A few of the group noticed him. I made The market-place was empty and white a slight movement. He plunged his hand in the moonlight. The sound beat from into his bosom, pulled a dagger into view, the right, and so I followed it. At a side and loosened it in its sheath. I walked street I paused. In the shadow of a low slowly, pretending to be looking back at house stood a small crowd of men gazing the light and the dance, out into the deinto a lighted doorway. From within came serted market-place. The lean figure folthe mad beat of the drum and the muffed lowed, and began to move in a large circle cry of voices. I waited in the moonlight, round me twenty feet off, gradually closand watched the eager faces of the men. A ing to eighteen, fifteen, and then to ten few were of the city; others were of the feet. I stood in the same spot, silent, but neighboring tribes; and some were bare- now always facing him, and when I swung legged madmen of the hills, fresh from my stick at him he would recede a pace the fellowship of eagles and vultures. or two, and continue to circle, always with
I vaguely scented danger, but my feet eyes intent on me but never meeting my led me to the door, and I looked in. A gaze. Two town Moors, passing, stopped. lantern, hung in the low roof, threw a One sat down on an empty box, while the soft light on two weird figures dressed other stood by him, to watch the strange like the old Moors of Tarik's time, with encounter. girdles about their waists, and high tur- Finally the two Moors advanced upon bans, like the Persians. They were per- him, shouting, and gesticulating angrily. forming a holy dance. Men sat close to They caught him by the arms and hustled the walls, squatting on the floor and chant- him off, no doubt telling him that, with ing, while they beat time with their hands, war-ships in the bay, and soldiers in the and rocked their bodies to and fro. The guard-house, Tangier was no place in dance became a frenzy. The feet flew which to kill Christians. swiftly, and the tom-toms broke into a When I regained the terrace, the whole double rhythm, as the sounds crossed each world was a fairy-land under the spell of other.
that beautiful moon. I watched the tracery While lost in this strange spectacle, of the tree-shadows upon the terrace, and something awoke me to the consciousness drank in the deep perfume of the night of a presence regarding me with the sul- Aowers. Through the whispering of the len eyes of a beast. A tall, lean moun- trees came the steady beat of the tom-tom; taineer was walking around me slowly but it had ceased to call me. It was no in a circle, about five feet from where I longer a mystery. Had one of Fate's litstood. Appearing to watch the dance tle plans miscarried, or had that great within, I gripped my stick firmly, as I was dramatic artist merely added a touch of unarmed. Soon my eyes followed him, and danger to increase the glory and charm of I had to turn my head quickly so that the night?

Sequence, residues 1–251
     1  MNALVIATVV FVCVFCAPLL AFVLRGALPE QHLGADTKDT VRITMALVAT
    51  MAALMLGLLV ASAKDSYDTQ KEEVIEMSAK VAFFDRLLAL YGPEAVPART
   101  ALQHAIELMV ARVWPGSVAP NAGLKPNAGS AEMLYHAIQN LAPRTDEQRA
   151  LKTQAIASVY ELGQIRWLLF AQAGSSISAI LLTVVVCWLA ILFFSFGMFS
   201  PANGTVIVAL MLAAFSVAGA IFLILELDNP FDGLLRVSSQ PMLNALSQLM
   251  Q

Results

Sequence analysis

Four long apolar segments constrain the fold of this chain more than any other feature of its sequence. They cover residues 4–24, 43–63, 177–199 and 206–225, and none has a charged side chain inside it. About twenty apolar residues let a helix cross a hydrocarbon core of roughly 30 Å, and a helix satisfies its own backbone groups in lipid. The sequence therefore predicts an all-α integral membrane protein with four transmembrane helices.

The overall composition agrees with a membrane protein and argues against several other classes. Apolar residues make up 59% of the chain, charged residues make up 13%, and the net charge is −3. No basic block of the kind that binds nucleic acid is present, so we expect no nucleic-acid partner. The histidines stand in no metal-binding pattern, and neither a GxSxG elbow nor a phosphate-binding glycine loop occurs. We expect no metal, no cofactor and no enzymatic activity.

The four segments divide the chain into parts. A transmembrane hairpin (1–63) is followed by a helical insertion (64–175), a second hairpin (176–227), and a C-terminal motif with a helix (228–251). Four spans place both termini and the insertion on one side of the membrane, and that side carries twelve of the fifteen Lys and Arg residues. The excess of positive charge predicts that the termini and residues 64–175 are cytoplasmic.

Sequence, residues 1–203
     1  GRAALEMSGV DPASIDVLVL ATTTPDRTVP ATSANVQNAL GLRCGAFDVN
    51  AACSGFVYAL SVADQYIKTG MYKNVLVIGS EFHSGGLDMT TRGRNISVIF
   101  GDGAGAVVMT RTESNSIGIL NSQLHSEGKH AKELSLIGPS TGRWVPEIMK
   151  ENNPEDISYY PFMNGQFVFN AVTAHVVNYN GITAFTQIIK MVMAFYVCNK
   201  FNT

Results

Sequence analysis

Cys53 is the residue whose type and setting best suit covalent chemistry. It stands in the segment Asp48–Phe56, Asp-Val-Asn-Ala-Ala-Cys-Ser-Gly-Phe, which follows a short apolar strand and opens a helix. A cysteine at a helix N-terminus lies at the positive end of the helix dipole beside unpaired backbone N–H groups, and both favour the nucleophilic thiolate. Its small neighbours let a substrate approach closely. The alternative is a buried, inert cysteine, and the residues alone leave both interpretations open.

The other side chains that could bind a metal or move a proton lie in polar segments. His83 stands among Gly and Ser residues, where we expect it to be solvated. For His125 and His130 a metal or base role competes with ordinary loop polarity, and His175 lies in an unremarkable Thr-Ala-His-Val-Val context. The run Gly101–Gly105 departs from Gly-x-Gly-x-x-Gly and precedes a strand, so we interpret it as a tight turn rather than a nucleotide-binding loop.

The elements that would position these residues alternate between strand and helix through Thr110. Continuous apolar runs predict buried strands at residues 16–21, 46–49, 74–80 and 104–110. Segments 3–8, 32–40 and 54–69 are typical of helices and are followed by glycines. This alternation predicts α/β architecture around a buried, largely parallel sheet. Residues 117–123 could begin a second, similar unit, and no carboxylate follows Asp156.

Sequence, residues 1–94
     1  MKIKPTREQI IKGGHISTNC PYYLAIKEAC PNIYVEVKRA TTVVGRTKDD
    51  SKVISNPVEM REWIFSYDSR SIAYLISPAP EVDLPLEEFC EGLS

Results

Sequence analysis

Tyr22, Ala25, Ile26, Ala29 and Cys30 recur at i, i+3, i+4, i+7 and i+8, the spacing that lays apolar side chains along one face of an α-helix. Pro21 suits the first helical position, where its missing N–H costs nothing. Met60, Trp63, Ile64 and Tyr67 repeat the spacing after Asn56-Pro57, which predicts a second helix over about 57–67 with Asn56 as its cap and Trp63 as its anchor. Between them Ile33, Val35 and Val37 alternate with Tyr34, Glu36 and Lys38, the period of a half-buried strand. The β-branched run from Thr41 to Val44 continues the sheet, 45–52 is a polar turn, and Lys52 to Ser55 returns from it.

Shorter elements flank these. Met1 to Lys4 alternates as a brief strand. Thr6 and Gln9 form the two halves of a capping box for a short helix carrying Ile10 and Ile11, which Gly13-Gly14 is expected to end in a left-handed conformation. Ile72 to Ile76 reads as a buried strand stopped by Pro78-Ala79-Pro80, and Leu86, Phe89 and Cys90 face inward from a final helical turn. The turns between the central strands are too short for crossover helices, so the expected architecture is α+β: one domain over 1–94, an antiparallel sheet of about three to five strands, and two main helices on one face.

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THE HAN-YANG IRON AND STEEL WORKS
(“THE TRADE OF THE WORLD” PAPERS)
BY EDWARD ALSWORTH ROSS
Professor of Sociology in the University of Wisconsin
WHERE are three possibilities known ergy of will of the West Europeans. Chi
as the "yellow peril.” One is the nese lads quarrel in a girlish way with swamping of the slow-multiplying, high- much reviling but little pounding, with wage, white societies with the overflow random flourishing of fists, but only when that is bound to come when China has ap- there is no danger of their finding the opplied Western knowledge to the saving of ponent's face. A row among coolies imhuman life. This is real, and imminent, presses one much more with the objurgaand nothing but a concerted policy of ex- tory richness of the language than with clusion can avert it. Another is the over- the fighting prowess of the race. matching of the white peoples by colossal Very striking is the contrast with the armies of well-armed and well-drilled yel- gamecock Japanese who, fresh from a millow men who, under the inspiring lead of itary feudalism, are still full of pugnacity. some Oriental Bonaparte, will first expel At Singapore three thousand Chinese were the Powers from eastern Asia, and later detained in quarantine with three hundred overrun Europe.
Japanese. The latter made insolent deThis forecast is dream-stuff. One who mands such as that they be served their goes up and down among these teeming rice before the Chinese. The Celestials proletarians realizes that, save among the could easily have crushed this handful of Mohammedans of the Northwest, the last brown men, but in the end, rather than traces of the military spirit evaporated have "trouble,” they accepted second talong ago. The folk appears to possess le. Not that the Chinese is chickenneither the combative impulses nor the en- hearted. Indeed, there is tiger enough in